1. What physical findings in Case 1 suggest this infant has a congenital infection?
2. How does a congenital infection differ from an infection that is acquired perinatally?
3. What are the most common causes for congenital infection?
4. True/False: A term infant with a normal physical exam and no risk factors for infection may have congenital infection.
5. Periventricular calcifications in the brain are seen with which congenital infection? Diffuse calcifications?
6. True/False: An infant born to a woman with recurrent herpes infection is at higher risk for developing herpes neonatorum than one born to a woman with primary herpes infection at the time of delivery?
7. Administration of what agents can prevent 95% of perinatally acquired hepatitis B infections?
8. True/False: Breastfeeding should be encouraged in all mothers who are HIV positive, but do not have AIDS.
1. Cole FS. Chapter 42 - Viral Infections of the Fetus and Newborn. In: Taeusch HW, Ballard RA (eds). Avery's Diseases of the Newborn, seventh edition. 1998, Philadelphia: W.B. Saunders Company, pp. 467-489.
2. Cole FS. Chapter 46 - Protozoal Infections: Congenital Toxoplasmosis and Malaria. In: Taeusch HW, Ballard RA (eds). Avery's Diseases of the Newborn, seventh edition. 1998, Philadelphia: W.B. Saunders Company, pp. 528-534.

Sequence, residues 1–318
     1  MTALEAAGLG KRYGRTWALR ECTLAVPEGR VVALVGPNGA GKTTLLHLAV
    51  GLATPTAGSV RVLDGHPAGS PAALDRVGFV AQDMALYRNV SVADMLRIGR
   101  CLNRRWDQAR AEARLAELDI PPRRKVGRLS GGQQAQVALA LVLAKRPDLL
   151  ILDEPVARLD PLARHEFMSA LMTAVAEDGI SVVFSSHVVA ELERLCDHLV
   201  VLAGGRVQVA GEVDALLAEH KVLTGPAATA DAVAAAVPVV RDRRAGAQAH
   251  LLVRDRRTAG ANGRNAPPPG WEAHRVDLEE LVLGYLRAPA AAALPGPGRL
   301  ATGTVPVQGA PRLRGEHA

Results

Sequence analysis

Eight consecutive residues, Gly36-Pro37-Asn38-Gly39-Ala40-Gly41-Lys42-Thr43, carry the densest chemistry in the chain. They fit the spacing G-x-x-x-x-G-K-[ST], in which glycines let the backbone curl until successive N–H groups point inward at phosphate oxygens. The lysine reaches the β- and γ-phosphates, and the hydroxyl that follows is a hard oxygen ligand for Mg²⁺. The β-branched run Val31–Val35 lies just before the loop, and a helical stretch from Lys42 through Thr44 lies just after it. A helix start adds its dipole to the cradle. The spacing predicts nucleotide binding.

3. Cole FS. Chapter 47 - Infections with Spirochetal and Parasitic Organisms. In: Taeusch HW, Ballard RA (eds). Avery's Diseases of the Newborn, seventh edition. 1998, Philadelphia: W.B. Saunders Company, pp. 535-540.
4. Nieves, MR. Congenital Cytomegalovirus Infection and Disease. In: The Pediatric Bulletin. http://home.coqui.net/myrna
5. Herpes Simplex. In: Pickering LK (ed). 2000 Red Book: Report of the Committee on Infectious Diseases, 25th edition. 2000, Elk Grove Village, IL: American Academy of Pediatrics, pp. 309-318.
6. Hepatitis B. In: Pickering LK (ed). 2000 Red Book: Report of the Committee on Infectious Diseases, 25th edition. 2000, Elk Grove Village, IL: American Academy of Pediatrics, pp. 289-302.
7. American Academy of Pediatrics, Committee on Pediatric AIDS. Evaluation and Medical Treatment of the HIV-Exposed Infant. Pediatrics. 1997; 99(6): 909-917.
8. Cole FS. Chapter 41 - Fetal/Newborn Human Immunodeficiency Virus Infection. In: Taeusch HW, Ballard RA (eds). Avery's Diseases of the Newborn, seventh edition. 1998, Philadelphia: W.B. Saunders Company, pp. 453-466.
9. The AIDS Education and Training Centers National Resource Center. Pocket Guide, Adult HIV/AIDS Treatment. May 2002.
10. Human Immunodeficiency Virus Infection. In: Pickering LK (ed). 2000 Red Book: Report of the Committee on Infectious Diseases, 25th edition. 2000, Elk Grove Village, IL: American Academy of Pediatrics, pp. 325-350.
Answers to questions
1. Small for gestational age, microcephaly, jaundice, pale skin, petechiae, blueberry muffin spots, hepatomegaly, and splenomegaly
2. A congenital infection is an infection seen in the newborn infant that was acquired transplacentally during the first, second, or early third trimester. A perinatal infection is acquired either around the time of delivery or during the 1st week of extrauterine life.
3. Rubella virus, cytomegalovirus (CMV) Toxoplasma gondii, Treponema pallidum, human immunodeficiency virus (HIV), human parvovirus B19 and Epstein-Barr virus (EBV)
5. Periventricular calcifications are seen in congenital CMV while diffuse calcifications in the brain are seen in congenital toxoplasmosis.
7. Hepatitis B vaccine and hepatitis B immune globulin.